Corn futures fall on USDA report
U.S. corn futures closed lower Thursday after the U.S. government unexpectedly raised its forecast for near-term corn supplies and projected a record corn harvest this autumn.
Chicago Board of Trade corn futures for July delivery, the most actively traded contract, fell 19 3/4 cents, or 3.3%, to $5.87 1/2 a bushel, the lowest price for that contract since March 2011. Thinly traded May futures, which expire Monday, ended down 15 3/4 cents, or 2.5%, at $6.25 1/2 a bushel.
In its monthly supply-and-demand report for major crops, the U.S. Department of Agriculture said domestic corn inventories as of Aug. 31, the end of the current marketing year, are likely to be 851 million bushels, up 6.2% from the agency's previous forecast of 801 million bushels. None of the 19 analysts in a Dow Jones Newswires poll had expected the USDA to raise its forecast.
The rise was due to the USDA cutting its forecast for corn demand in the "feed and residual" category. Analysts say large wheat supplies are likely to lead livestock producers to use more wheat instead of corn in animal feed this year.
U.S. corn production is expected to rise this year to a record of 14.79 billion bushels, from 12.358 billion bushels last year, as a fast start to the planting season could boost yields to a record 166 bushels an acre, the USDA said. Last year's yield was 147.2 bushels an acre.
A harvest of that size would shatter the old record of 13.092 billion bushels set in 2009.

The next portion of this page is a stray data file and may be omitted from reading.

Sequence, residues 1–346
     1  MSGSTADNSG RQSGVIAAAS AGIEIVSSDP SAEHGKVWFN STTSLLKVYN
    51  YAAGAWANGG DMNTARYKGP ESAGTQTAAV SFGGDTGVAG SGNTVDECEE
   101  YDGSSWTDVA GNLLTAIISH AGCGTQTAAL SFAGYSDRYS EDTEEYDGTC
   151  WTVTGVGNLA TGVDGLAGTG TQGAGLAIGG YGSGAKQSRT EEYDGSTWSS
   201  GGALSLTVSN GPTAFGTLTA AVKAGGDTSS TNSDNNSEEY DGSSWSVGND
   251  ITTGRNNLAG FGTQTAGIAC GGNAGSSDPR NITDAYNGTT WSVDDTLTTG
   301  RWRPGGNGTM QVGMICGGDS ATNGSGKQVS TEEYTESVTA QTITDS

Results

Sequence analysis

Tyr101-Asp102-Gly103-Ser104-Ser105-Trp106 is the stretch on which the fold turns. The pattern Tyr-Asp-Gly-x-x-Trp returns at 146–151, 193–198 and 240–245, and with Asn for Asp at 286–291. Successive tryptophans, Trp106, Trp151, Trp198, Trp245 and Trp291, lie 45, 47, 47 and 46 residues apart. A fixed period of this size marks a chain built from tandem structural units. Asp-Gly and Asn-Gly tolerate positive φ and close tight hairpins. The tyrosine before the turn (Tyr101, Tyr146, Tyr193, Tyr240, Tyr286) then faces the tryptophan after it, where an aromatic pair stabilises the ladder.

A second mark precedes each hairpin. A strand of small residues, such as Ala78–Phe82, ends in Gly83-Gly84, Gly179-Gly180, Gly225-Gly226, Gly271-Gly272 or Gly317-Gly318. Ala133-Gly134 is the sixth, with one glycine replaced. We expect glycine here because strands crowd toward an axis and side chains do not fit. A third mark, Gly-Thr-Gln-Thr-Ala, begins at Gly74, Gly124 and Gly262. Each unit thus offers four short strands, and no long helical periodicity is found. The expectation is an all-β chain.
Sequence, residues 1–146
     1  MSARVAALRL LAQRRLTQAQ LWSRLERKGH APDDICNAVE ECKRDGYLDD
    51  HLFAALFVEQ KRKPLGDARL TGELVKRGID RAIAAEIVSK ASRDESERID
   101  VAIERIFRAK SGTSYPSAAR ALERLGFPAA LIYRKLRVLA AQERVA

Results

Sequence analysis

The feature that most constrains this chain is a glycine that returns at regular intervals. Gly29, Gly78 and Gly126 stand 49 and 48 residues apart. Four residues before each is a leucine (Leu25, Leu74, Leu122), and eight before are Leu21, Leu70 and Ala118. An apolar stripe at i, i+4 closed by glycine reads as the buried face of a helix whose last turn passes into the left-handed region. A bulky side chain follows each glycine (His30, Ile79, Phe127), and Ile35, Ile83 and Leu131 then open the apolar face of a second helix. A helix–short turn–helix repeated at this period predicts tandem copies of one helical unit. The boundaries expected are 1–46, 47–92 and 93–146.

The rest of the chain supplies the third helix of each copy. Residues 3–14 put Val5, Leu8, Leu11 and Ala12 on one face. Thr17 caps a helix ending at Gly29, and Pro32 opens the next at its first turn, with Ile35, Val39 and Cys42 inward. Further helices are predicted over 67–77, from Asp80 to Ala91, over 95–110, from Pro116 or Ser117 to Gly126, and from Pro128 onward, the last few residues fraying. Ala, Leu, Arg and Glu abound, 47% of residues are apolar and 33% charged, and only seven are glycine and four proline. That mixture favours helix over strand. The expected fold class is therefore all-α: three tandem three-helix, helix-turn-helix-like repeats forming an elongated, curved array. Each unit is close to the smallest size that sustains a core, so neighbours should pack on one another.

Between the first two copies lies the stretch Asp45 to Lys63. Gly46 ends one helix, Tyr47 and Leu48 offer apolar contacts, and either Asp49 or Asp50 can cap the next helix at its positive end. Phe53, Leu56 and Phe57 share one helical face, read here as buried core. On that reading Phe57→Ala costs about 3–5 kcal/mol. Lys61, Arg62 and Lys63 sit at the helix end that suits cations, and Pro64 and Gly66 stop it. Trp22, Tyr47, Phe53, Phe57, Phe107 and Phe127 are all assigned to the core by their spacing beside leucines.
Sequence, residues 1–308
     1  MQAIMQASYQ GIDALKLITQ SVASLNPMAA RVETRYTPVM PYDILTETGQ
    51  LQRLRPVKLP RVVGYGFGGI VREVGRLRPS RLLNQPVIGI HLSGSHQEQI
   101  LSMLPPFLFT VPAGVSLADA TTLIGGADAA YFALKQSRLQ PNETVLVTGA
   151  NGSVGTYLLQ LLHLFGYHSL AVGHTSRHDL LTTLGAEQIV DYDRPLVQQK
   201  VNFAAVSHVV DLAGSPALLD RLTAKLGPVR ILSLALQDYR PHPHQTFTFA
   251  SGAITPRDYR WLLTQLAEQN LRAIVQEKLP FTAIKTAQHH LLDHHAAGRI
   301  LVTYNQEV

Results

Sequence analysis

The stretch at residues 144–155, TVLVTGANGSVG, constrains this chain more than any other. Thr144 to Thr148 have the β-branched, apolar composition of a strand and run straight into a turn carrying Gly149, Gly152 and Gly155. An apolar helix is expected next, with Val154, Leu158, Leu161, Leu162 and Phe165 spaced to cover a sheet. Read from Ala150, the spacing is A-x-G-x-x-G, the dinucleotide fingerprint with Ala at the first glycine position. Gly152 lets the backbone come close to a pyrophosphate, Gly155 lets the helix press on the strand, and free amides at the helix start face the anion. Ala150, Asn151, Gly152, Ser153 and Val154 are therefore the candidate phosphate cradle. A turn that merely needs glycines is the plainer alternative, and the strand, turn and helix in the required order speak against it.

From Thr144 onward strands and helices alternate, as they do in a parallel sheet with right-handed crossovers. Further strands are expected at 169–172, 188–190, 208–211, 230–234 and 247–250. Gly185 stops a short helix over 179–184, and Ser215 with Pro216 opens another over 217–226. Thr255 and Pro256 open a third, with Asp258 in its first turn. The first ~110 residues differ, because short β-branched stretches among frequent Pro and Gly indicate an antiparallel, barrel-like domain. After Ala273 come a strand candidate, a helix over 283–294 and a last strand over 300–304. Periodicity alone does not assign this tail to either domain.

"These forecasts are just enormous weights on the market right now," said Joe Vaclavik, an analyst with commodities brokerage Straits Financial LLC in Chicago. "The trade was disappointed in general."
Separately, soybean futures rose after the USDA said domestic soybean stocks as of Aug. 31 are likely to drop to 210 million bushels, down 16% from the 250 million bushels it predicted a month ago and down 2.3% from a year earlier, due to higher exports and domestic use at processors.
The USDA's ending-stocks forecast for the end of the next marketing year is even lower -- 145 million bushels, below the average analyst estimate of 170 million bushels. The forecasts are likely to add to concerns about tightening soybean supplies amid lower South American production and rising Chinese demand.
CBOT July soybeans rose 25 cents, or 1.7%, to $14.55 1/4 a bushel. May soybeans rose 24 1/2 cents, or 1.7%, to $14.52 1/4 a bushel.
Wheat futures ended mixed, as the drop in corn prices pressured wheat, but the USDA cut its forecasts for domestic and world wheat inventories.
CBOT July wheat rose 1 1/4 cents to $6.01 1/4 a bushel. Kansas City Board of Trade July wheat fell 1 1/2 cents to $6.17 1/2 a bushel, and MGEX July wheat fell 3 cents to $7.27 1/4 a bushel.
-By Owen Fletcher, Dow Jones Newswires; 312-750-4120; email@example.com
(END) Dow Jones Newswires
May 10, 2012 15:50 ET (19:50 GMT)
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